A Guide to Basic HTML Part 1
SEO consultants tend to come from a variety of professional and educational backgrounds. Many people come to online marketing through the traditional route of business and marketing degrees; however others, including myself, have degrees in everything from English Literature to music production. Whilst a background in a subject such as English Literature means we are naturally equipped to write press releases and amend copy, occasionally we also have to get our hands dirty and dig around in some site code.
HTML can look a bit intimidating, but really it's pretty simple. It is not a programming language, you cannot process complex arguments; it is just a mark-up language. For instance, you can put a tag around something and mark it up as bold, as red text or as a heading.
Generally speaking, all HTML tags should be opened when you start using them and closed when you finish. To do this you use pointy brackets (the greater than and less than signs):
<strong>this is bold text</strong>
So you see, you put 'strong' in pointy brackets to open and '/strong' to close the section of bold text. Make sure that you close any tag you open.
The standard html page is just a basic text document that you can write in notepad and save with the filetype ".html". In order to create a proper html page you should give a document the following structure:
The head section is where information about the page goes, such as the page title and the meta data. The text that you want to appear on screen goes in the body section.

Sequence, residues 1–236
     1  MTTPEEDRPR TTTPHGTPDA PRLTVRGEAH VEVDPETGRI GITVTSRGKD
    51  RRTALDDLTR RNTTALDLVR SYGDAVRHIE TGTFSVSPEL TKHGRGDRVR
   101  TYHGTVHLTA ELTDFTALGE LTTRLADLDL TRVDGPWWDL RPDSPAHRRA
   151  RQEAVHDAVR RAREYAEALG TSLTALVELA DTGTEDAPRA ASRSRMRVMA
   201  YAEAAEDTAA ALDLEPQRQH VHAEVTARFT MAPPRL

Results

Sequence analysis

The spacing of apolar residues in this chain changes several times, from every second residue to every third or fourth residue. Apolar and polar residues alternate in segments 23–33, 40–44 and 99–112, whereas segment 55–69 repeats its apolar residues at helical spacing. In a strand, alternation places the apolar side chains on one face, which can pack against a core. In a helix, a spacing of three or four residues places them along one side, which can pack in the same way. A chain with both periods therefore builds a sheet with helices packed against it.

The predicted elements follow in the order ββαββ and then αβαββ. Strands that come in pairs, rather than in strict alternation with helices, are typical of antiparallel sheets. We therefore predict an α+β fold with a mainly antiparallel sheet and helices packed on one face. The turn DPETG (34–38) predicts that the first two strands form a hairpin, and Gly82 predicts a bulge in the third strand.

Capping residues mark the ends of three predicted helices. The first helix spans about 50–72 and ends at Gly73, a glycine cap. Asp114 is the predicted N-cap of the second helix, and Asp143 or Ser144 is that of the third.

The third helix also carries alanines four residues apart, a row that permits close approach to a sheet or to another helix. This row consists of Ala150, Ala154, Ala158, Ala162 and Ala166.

The headings on a document are denoted with <h1> <h2> <h3> (etc.) tags. You should open and close heading tags in the normal way:
<h1>This is the Page Topic</h1>.
There should only be one <h1> at the top of the page and this should match the topic of the page. The <h1> is not the sole means that search algorithms use to ascertain the purpose of a page; in fact it carries as much weight as any emphasised text at the top of a page. However, it makes sense to use the <h1> for this purpose. The <h2> tags should provide further headings that give an overview of the content. If you need further subheadings within the text introduced by a <h2> then use a <h3> tag. There is no reason for you to jump from <h1> to <h4> without the numbers in between.
In order to link to another document you need to use the anchor tag <a>. You also need to tell the browser what you want to link to and this is added as an attribute within the <a> tag. This attribute is the hyperlink reference, which shortens to href. A simple link in html looks like this:
For <a href="http://www.i-com.net">SEO Manchester</a> visit I-COM
If you are linking outside of your website you need to make sure you put the http:// at the front of the link. If you are linking to something else on the same site, you can just put the shortened address of the page you want to visit.
Complete our <a href="contact.html">contact form</a>.
If you choose to do this, make sure you check the link after the page goes live. If you are in any doubt, just use the full address.
If you want to link to another site without passing PageRank to that site, you can set the link as nofollow with the rel attribute:
<a href="http://google.com" rel="nofollow">Visit Google</a>.
If you don't mind passing PageRank on to a page, but you do not want your visitor to leave your site, you can force a link to appear in a new window with the target attribute:
<a href="http://bing.com" target="_blank">Visit Bing</a>.
Find out more in our guide to Basic HTML Part 2.